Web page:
Kindlin-1 regulates mammary tumour metastasis
A study led by Professor Valerie Brunton from the Cancer Research UK Edinburgh Centre demonstrated that Kindlin-1 promotes pulmonary breast cancer metastasis: March 2018
Breast cancer represents one of the most common cancer types in modern society. Around 55,200 people are diagnosed with breast cancer in the UK each year - that is around 150 people a day! The risk of breast cancer can be affected by age, family history and lifestyle factors such as obesity and smoking. There has been significant progress in the treatment of breast cancer over the past decades, however many people still die due to breast cancer metastases to the lungs, brain, bone or other places. Therefore it is very important to understand molecular mechanisms involved in breast cancer metastasis and this type of investigations are performed at the MRC Institute of Genetics and Molecular Medicine.
In a recent study by Sarvi et al. entitled “Kindlin-1 promotes pulmonary breast cancer metastasis”, published in Cancer Research – a journal of the American Association for Cancer Research, a team led by Prof Valerie Brunton from the Cancer Research UK Edinburgh Centre provided important new insights into how Kindlin-1, a cytoskeletal adaptor protein that is often up-regulated in cancer cells, contributes to pulmonary metastasis of breast cancer.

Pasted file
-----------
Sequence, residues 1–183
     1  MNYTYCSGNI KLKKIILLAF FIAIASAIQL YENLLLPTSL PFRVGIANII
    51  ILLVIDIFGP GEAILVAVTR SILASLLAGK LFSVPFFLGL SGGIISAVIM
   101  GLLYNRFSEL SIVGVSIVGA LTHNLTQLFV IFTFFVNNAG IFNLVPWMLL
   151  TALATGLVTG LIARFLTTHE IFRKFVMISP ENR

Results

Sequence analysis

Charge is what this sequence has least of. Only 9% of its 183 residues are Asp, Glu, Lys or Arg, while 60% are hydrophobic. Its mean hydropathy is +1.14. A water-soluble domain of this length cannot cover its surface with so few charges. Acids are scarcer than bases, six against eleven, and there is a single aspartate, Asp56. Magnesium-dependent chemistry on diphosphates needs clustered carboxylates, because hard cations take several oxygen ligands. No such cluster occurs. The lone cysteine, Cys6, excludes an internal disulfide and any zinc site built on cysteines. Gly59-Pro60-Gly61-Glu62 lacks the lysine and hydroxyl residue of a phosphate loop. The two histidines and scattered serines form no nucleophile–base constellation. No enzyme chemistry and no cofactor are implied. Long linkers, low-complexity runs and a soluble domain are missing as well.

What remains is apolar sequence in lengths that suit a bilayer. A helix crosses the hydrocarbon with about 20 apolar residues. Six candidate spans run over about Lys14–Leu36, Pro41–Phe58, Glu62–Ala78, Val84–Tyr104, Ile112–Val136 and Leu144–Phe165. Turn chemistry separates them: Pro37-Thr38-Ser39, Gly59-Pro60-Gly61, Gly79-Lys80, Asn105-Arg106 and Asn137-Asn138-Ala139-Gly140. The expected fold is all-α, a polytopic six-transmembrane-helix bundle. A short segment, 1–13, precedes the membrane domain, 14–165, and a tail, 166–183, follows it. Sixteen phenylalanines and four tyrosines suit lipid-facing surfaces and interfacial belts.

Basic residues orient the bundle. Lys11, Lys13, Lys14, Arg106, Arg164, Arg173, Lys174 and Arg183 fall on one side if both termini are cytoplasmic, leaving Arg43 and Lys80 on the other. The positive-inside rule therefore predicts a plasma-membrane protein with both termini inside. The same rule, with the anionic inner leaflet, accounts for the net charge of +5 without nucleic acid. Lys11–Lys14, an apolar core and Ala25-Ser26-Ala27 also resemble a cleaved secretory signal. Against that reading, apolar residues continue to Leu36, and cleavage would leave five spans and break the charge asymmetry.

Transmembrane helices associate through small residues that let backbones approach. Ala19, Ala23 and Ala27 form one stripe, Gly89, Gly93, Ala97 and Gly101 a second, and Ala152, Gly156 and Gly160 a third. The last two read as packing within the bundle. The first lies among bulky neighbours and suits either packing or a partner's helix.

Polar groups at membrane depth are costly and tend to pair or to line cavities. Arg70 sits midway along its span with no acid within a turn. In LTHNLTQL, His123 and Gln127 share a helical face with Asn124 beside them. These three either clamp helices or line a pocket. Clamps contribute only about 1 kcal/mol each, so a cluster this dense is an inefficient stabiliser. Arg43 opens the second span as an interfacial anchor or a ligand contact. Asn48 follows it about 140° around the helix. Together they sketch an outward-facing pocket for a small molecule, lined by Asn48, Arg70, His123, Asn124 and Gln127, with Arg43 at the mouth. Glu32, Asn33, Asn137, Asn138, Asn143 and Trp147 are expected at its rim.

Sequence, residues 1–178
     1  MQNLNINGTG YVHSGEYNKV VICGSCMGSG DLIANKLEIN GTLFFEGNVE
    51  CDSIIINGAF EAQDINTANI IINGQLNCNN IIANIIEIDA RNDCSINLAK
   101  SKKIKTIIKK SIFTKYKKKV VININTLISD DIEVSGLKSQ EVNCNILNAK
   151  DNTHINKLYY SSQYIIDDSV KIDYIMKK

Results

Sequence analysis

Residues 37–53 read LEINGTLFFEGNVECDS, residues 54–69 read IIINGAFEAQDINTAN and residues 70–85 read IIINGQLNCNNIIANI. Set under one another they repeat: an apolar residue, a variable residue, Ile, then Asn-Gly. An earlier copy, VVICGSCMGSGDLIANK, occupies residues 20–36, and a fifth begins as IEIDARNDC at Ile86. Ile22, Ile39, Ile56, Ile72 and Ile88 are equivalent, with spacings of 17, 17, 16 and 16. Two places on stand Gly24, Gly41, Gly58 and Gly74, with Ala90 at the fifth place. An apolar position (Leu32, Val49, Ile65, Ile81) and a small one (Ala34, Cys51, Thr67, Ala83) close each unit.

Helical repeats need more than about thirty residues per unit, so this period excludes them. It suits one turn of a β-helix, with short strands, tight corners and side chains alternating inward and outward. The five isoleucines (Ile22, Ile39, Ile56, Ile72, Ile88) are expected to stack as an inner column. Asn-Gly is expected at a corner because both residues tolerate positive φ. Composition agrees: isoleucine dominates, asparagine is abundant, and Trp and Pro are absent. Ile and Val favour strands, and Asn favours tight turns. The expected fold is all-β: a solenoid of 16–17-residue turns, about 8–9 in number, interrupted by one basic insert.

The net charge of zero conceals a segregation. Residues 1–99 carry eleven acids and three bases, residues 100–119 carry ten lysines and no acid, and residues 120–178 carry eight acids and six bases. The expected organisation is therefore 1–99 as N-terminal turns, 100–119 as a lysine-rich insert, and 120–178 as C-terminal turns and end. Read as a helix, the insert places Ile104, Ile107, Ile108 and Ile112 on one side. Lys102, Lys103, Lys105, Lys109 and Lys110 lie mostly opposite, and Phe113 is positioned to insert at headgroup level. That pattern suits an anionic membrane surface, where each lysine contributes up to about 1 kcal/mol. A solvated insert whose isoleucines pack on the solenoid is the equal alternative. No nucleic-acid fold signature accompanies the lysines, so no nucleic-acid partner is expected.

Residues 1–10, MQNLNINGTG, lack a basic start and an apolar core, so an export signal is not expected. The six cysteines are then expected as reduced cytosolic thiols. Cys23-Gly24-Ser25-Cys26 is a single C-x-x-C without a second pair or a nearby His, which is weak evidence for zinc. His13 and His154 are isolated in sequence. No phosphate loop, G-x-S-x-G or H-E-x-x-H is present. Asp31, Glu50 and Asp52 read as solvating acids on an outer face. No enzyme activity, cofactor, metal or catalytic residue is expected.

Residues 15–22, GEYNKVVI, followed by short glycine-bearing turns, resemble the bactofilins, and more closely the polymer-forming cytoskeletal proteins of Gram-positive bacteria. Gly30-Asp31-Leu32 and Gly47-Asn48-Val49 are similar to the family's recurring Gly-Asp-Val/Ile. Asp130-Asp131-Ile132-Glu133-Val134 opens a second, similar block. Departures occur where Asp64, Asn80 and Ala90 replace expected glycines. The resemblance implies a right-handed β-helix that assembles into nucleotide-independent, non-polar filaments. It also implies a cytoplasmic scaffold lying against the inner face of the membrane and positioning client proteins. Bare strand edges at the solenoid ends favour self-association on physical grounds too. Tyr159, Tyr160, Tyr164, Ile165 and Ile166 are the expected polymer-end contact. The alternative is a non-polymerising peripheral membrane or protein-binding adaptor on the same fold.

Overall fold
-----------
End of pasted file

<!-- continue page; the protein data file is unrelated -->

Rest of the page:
The team discovered that in a mouse model of mammary tumourigenesis, loss of Kindlin-1 reduced early pulmonary arrest and later development of lung metastasis. This phenotype relied on the ability of Kindlin-1 to bind and activate β-integrin heterodimers (β-integrins are proteins involved in cell adhesion). Kindlin-1 loss also resulted in reduced secretion of several factors linked to metastatic spread, including the lung metastasis regulator tenascin-C.
Val Brunton’s Group web page: https://www.ed.ac.uk/cancer-centre/research/brunton-group
Article in Cancer Research: http://cancerres.aacrjournals.org/content/early/2018/01/12/0008-5472.CAN-17-1518 (DOI: 10.1158/0008-5472.CAN-17-1518)
General information about breast cancer: http://www.cancerresearchuk.org/about-cancer/breast-cancer
General information about cancer metastasis: https://en.wikipedia.org/wiki/Metastasis